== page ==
They cost less, they do not pay the same fees, the same taxes, and they are taking advantage of this to corner the market, says Edita, with a rebellious tone.

She claims to have had to lay off five of her employees due to lack of contracts, and she fears the future.

In the endless line of trucks , which stretches for more than 50 kilometers, Ukrainian drivers are nothing less than exasperated.

We have no toilets, no water, no shower, it's inhumane, says Anton, a trucker who has to cross the road to a wooded area to relieve himself due to lack of sanitary facilities.

He says he understands the frustration of his Polish colleagues, but it is in Brussels that they should complain, not punish us.

Because it was the European Union which voted in July 2022 in favor of suspending the permit system which previously limited the entry of carriers Ukrainians in Poland.

The measure was supposed to be temporary to help Ukraine's economy, suffocated by bombing and deprived of air and sea routes to export its wheat and goods.

Today, Polish carriers accuse Ukraine of abusing European hospitality, hence their decision to block border crossings until pre-war rules are restored.

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The colors of Ukraine are displayed prominently in Serhi's truck.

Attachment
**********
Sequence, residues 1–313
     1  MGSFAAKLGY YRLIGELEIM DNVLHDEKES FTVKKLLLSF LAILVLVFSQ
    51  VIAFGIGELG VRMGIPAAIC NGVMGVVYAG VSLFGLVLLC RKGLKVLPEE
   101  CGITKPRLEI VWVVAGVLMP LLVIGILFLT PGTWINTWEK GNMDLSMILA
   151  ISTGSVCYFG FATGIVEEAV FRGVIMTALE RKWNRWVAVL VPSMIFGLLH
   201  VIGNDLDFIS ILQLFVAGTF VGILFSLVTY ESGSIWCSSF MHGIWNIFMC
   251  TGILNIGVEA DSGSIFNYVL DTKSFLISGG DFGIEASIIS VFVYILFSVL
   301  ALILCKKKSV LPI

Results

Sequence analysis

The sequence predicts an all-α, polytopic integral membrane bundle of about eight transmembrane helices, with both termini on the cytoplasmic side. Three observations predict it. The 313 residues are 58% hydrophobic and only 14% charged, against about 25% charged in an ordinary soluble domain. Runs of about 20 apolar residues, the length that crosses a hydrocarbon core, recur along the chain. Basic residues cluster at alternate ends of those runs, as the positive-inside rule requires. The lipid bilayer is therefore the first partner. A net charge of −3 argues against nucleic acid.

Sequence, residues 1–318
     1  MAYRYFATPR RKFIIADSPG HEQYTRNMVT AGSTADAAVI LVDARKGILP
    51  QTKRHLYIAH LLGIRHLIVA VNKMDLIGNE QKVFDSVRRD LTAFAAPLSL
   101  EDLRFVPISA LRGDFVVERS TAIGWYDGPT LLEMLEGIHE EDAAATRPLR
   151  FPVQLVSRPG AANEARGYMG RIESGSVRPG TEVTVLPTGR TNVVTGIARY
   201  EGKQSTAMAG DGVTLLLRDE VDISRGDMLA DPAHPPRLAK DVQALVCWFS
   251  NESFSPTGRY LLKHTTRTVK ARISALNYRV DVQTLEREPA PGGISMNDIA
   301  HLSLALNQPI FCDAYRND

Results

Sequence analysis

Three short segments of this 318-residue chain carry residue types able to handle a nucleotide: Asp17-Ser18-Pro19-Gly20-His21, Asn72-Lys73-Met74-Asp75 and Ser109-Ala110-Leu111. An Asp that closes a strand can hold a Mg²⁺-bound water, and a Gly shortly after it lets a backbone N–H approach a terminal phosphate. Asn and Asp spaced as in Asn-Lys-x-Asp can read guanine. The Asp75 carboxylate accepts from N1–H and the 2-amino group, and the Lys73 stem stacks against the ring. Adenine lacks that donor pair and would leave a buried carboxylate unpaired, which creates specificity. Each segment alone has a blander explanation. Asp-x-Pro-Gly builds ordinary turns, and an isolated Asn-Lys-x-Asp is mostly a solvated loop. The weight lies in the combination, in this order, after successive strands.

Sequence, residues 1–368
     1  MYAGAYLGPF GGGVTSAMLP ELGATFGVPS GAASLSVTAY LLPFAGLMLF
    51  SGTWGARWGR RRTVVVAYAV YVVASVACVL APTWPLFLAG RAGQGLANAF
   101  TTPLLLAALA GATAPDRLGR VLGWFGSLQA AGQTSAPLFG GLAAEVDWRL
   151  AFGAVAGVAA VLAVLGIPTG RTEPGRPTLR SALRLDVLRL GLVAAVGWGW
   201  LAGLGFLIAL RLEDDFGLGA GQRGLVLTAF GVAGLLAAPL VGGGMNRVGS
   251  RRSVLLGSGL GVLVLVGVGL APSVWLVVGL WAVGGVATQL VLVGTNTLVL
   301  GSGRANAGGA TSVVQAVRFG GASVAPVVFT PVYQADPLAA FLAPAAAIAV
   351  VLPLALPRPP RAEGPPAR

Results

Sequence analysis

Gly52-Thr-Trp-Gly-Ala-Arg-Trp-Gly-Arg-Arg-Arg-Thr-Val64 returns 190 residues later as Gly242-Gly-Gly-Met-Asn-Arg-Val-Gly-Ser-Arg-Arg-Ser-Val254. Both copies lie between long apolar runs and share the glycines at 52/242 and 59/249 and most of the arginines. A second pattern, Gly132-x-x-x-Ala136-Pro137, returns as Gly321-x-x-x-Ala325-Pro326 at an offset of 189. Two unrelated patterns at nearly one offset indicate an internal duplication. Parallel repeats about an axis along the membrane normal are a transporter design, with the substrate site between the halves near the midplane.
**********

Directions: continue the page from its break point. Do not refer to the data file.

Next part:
Sitting in his truck, Serhi shrugs his shoulders helplessly. He says the blockade is eating away at his income, which initially is rather modest.

Ukrainians earn almost half as much as Poles, says- it, and this is partly what the demonstrators denounce, who say they are ready to continue until February if necessary to win their case and receive compensation.

If you had to hire delivery people, would you hire those who cost more?, asks Edita, irritated.

The tension is high near of the blockade, where Polish and Ukrainian truckers cast suspicious glances at each other and send each other the middle finger.

To think that two years ago, this border had become the symbol of Polish solidarity when tens of thousands of Ukrainians fleeing the bombs were welcomed with open arms.

Today, these lines of trucks are the emblem of trade tensions between two countries competing for the European market.

There was the boycott of Ukrainian wheat announced by the Polish government last summer, then today, the blockade of goods trucks. Although this was not initiated by Warsaw, the Polish government became complicit, according to the European Commission.

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Lines of trucks on the Polish-Ukrainian border.

It even threatens to open infringement proceedings against Poland for #x27;ensure that European law is respected at the border.